The 15th meeting of the Mid-Atlantic Malacologists took place yesterday at the Delaware Museum of Natural History (DMNH) in Wilmington, Delaware. I counted 35 names on the sign-up sheet, 12 of whom gave talks.Here are the speakers in the order they spoke and the not-more-than-two-sentence summaries of their talks.
17 March 2013
18 January 2013
These shells of the land snail Cecilioides janii were positioned on plasticine for photography. In an e-mail, Francisco Welter-Schultes wrote: "...your picture looks really good, like the artist's interpretation of a scientific snail photo." The artistry was an unintentional outcome of the plasticine being an old piece with mixed colors (that story is here).AnimalBase. And a manuscript about the presence of this species in Turkey is in works.
Posted by AYDIN ÖRSTAN at 09:00
24 December 2012
After a long hiatus, I return with one last post before the year ends.In the fourth edition of The origin of species (1866), Charles Darwin, while discussing the results of his limited experiments on the survival of land snails after prolonged exposure to sea water, added that someone named Baron Aucapitaine had recently tried similar experiments. Darwin summarized Aucapitaine's results, but did not give his source of Aucapitaine's data. Presumably, this was in accordance with the more relaxed standards of citation of the period. Generations of writers have quoted Darwin's paragraph as a support for the potential dispersal of land snails via rafting over the oceans. But no one seems to have bothered to determine if and where Aucapitaine had published his results. So back in June of this year, to satisfy my curiosity I spent several days scouring the internet. My efforts paid off eventually and I was able to track down Aucapitaine's relevant publication. Read about Henri Aucapitaine, his work with snails and his interaction with Darwin, which may never have taken place, in my short note on p. 15 of the November newsletter of the wonderful Society for the History of Natural History. I wish everyone a Happy New Year. I will try to post more often in 2013. Maybe.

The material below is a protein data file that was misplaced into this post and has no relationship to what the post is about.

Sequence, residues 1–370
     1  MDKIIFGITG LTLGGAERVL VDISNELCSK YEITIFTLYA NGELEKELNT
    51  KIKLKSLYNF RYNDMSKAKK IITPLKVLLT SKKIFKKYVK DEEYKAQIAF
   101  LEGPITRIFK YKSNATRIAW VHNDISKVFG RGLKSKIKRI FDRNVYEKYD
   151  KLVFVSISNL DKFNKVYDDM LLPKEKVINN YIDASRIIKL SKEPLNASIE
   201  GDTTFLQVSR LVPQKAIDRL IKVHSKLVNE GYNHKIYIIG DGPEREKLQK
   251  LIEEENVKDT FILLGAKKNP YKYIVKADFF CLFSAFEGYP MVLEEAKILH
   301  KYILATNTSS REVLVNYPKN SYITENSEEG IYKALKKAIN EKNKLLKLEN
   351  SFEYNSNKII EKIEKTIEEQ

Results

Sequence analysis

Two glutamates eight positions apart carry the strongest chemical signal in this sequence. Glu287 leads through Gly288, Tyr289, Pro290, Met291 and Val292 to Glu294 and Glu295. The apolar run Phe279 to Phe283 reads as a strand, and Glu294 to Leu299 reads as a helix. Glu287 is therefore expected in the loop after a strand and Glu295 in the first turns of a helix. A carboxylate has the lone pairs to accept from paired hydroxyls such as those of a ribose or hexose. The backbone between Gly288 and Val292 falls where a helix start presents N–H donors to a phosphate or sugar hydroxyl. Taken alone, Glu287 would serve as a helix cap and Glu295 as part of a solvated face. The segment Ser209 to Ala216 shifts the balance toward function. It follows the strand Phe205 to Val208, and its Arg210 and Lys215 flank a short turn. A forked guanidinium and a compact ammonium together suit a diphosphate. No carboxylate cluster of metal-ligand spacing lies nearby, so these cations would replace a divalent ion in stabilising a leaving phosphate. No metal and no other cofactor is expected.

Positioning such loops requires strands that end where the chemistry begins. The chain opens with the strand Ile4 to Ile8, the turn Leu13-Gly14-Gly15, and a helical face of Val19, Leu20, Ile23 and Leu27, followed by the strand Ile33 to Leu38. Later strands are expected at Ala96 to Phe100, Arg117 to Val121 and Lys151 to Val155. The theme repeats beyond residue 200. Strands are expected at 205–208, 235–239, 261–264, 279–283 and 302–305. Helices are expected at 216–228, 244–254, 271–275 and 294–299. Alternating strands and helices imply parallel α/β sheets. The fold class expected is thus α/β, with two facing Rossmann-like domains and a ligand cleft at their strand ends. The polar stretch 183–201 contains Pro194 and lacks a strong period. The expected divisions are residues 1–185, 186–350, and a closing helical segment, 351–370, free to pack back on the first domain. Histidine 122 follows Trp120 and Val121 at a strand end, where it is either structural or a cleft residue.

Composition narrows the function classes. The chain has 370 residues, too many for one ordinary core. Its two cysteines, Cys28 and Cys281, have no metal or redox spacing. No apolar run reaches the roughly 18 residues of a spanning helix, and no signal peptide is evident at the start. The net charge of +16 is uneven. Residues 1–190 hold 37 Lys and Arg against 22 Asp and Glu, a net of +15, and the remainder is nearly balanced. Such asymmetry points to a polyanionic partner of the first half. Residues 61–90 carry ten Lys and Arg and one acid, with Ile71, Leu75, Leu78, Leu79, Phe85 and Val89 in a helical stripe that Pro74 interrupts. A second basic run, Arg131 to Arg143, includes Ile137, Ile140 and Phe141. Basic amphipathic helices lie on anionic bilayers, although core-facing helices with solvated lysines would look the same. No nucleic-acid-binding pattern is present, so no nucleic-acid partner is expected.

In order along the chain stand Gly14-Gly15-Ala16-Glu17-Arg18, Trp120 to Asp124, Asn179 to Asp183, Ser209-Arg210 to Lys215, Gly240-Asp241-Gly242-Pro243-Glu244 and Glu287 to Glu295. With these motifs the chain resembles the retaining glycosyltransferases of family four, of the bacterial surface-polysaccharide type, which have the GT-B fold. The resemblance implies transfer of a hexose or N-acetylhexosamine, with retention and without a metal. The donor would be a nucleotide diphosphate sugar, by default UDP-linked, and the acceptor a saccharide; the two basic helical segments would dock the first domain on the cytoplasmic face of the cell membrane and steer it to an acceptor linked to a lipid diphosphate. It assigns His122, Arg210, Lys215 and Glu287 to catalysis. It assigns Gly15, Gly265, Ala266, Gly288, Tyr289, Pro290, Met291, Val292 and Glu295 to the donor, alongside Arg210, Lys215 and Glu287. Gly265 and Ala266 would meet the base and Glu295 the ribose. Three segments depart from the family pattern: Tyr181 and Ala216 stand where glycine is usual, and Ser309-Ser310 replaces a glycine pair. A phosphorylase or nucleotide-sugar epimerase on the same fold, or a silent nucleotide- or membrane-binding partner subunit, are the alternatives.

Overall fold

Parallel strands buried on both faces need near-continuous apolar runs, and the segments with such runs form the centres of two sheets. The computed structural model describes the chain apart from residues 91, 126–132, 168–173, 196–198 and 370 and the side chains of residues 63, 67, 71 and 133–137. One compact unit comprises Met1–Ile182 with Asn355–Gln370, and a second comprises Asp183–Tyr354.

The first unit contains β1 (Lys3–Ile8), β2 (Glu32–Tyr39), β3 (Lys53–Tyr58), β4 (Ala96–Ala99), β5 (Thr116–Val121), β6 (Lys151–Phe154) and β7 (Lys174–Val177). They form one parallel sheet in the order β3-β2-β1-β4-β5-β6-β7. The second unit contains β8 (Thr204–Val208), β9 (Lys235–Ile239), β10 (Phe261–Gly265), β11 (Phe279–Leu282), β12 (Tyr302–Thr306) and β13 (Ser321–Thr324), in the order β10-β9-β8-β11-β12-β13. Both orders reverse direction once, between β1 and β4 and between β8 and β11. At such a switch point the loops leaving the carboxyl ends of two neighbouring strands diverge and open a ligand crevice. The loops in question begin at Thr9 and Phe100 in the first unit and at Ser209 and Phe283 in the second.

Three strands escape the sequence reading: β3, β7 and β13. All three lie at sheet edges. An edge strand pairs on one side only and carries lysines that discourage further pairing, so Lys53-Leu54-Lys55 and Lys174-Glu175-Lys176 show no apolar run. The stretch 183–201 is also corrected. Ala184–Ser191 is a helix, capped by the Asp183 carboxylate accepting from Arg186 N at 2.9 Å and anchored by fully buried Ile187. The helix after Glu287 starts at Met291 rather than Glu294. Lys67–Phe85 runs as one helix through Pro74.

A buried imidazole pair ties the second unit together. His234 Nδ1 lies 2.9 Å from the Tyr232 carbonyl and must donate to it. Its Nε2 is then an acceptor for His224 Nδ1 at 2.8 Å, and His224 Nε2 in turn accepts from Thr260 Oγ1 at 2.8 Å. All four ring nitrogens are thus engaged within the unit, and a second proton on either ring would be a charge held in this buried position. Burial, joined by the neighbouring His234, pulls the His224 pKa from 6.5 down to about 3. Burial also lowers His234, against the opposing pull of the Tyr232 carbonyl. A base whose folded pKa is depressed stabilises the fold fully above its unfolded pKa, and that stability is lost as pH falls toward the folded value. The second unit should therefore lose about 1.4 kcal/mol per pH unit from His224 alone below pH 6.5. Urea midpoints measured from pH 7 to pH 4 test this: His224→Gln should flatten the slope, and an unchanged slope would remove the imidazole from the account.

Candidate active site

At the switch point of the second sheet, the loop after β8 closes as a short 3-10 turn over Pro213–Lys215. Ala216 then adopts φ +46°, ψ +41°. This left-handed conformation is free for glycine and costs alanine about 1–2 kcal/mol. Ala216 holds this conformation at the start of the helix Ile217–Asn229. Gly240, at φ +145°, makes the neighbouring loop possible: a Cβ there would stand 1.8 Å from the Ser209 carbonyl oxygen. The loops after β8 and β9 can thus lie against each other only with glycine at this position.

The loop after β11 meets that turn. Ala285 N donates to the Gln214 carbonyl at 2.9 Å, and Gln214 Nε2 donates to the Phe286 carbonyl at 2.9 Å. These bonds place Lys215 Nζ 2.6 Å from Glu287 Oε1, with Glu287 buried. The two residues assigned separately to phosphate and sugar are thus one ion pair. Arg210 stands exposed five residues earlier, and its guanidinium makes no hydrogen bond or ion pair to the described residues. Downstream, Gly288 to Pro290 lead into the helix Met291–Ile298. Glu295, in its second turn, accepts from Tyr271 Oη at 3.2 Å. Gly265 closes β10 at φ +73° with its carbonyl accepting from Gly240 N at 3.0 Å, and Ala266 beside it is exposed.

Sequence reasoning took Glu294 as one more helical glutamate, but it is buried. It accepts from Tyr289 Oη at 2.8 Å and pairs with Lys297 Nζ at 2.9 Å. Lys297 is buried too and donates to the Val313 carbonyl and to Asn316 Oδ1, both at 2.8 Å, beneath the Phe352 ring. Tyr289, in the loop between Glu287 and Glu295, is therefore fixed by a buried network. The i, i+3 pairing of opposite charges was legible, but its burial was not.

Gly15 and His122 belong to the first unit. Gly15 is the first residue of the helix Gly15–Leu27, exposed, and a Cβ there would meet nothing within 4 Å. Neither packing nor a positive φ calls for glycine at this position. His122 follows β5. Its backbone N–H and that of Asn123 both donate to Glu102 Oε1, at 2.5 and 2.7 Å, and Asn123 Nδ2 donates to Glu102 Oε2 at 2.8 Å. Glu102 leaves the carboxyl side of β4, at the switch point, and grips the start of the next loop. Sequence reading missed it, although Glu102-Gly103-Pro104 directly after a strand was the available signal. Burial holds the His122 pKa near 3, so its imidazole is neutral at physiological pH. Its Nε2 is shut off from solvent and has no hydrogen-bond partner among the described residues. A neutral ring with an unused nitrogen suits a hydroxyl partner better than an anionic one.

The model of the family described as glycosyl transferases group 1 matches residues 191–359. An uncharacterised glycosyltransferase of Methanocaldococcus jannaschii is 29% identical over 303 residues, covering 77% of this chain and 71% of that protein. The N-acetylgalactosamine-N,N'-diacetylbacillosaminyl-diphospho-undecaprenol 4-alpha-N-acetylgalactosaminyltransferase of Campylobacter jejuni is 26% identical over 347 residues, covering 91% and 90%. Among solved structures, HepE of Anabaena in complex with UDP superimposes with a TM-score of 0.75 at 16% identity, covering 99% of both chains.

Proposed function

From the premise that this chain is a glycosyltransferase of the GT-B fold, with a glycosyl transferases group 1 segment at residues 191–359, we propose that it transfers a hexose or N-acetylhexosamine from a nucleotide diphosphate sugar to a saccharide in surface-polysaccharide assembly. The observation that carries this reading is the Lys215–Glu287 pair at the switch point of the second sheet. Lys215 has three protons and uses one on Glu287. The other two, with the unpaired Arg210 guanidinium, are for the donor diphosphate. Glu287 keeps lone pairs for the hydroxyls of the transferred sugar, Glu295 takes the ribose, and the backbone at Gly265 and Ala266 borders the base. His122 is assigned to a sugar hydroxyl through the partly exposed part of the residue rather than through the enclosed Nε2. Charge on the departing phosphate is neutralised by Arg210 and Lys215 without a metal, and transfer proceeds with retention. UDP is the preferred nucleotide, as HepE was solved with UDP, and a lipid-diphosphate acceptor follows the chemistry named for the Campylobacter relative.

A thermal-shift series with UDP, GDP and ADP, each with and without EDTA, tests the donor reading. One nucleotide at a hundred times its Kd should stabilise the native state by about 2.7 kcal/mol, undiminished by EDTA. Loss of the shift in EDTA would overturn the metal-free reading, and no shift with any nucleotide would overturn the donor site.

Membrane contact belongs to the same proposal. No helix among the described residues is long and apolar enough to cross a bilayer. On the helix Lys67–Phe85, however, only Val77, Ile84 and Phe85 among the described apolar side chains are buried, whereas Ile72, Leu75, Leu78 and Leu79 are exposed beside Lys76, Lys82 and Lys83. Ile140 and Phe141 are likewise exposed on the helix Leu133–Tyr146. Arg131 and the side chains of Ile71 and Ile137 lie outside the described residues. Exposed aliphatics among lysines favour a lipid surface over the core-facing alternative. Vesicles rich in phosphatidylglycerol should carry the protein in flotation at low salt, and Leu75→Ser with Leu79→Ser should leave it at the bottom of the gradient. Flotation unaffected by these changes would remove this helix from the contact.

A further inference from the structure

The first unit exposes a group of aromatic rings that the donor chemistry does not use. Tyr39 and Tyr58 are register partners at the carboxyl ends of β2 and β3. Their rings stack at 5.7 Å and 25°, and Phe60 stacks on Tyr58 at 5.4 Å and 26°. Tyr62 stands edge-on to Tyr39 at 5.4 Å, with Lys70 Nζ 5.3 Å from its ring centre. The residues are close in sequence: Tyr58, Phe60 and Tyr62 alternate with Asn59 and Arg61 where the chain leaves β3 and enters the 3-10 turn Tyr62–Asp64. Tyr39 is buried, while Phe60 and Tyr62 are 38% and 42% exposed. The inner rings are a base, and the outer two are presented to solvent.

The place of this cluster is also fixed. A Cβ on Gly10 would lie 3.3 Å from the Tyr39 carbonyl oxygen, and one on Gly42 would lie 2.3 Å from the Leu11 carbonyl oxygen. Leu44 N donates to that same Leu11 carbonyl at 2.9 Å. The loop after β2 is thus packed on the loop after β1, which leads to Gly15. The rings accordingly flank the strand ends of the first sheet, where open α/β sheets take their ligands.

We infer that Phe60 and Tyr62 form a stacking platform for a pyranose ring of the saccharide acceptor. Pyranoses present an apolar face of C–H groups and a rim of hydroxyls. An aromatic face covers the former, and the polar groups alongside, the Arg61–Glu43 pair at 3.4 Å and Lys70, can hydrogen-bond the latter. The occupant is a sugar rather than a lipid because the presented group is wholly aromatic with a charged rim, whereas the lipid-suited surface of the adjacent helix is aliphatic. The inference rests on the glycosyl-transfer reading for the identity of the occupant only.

Posted by AYDIN ÖRSTAN at 21:51
30 July 2012
One can learn much about gastropod anatomy by watching live animals and studying their photographs. In fact, there are certain aspects of gastropod anatomy that are hard to appreciate in preserved specimens. Some examples with nice photos are in this article of mine that recently was published in Mollusk World, the magazine of the Conchological Society of Great Britain and Ireland. A pdf copy is available here.
Posted by AYDIN ÖRSTAN at 12:37
16 July 2012
In August 2008, I announced here my finding of the snail Discus catskillensis on Mont Royal in Montreal, Canada*. Subsequently, a few readers questioned my identification and suggested that the snail I had found was more likely the European species D. rotundatus. While the former species is a native of North America, the latter was introduced to the eastern U.S. early in the 20th century and later to Canada.
For a more definite identification, I needed more specimens. But I did not have a chance to go back to Mont Royal until August 2011 when I was able to collect a few more shells. Last fall, I compared the Montreal specimens with the shells of several Discus species. The results indicated that the Montreal species was indeed D. rotundatus.
The final outcome of this project was a short paper that recently got published in Check List. You may download a copy of it from here.
*I have now deleted the original post of 2008. Attempting to revise it would have been too much trouble.
Posted by AYDIN ÖRSTAN at 14:22
02 June 2012
One of the 2 Cepaea nemoralis I have been keeping
since last winter dug a deep hole in the soil and deposited eggs in it a few
days ago. Today I removed all of the eggs. There were so many that I couldn't
get an accurate count; I estimate the total to be more than 70.
Posted by AYDIN ÖRSTAN at 19:45
21 April 2012
The intertidal snail Batillaria minima has been the subject of numerous posts on this blog (for example, check out this and this). Batillaria minima inhabits tidal flats with low rocks often in dense populations. At low tide, snails become emersed and large numbers of them can be collected easily. These characteristics make the species a suitable subject for different studies. So I've been collecting data on various aspects of the biology of this species during vacation trips in Florida since the early 2000s. One short paper comparing shell heights of large samples measured in 2007 and 2009 has just come out. A pdf copy is available. I am hoping to put out additional papers about B. minima in the future.
Posted by AYDIN ÖRSTAN at 08:00
01 April 2012
The 14th meeting of the Mid-Atlantic Malacologists took place yesterday at the Delaware Museum of Natural History (DMNH) in Wilmington, Delaware. There were about 35 attendants, one of the highest numbers in recent years.
Here are the speakers in the order they spoke and the not-more-than-two-sentence summaries of their talks.
Once again I will take this opportunity to thank to Liz Shea, the curator of mollusks at the DMNH and Leslie Skibinski, the collection manager, for organizing this wonderful meeting. I am already looking forward to next year's gathering.
Participants, with only a few missing, posing outside the DMNH after the meeting.
The bootleg transactions of the 13th MAM meeting are here
Posted by AYDIN ÖRSTAN at 10:55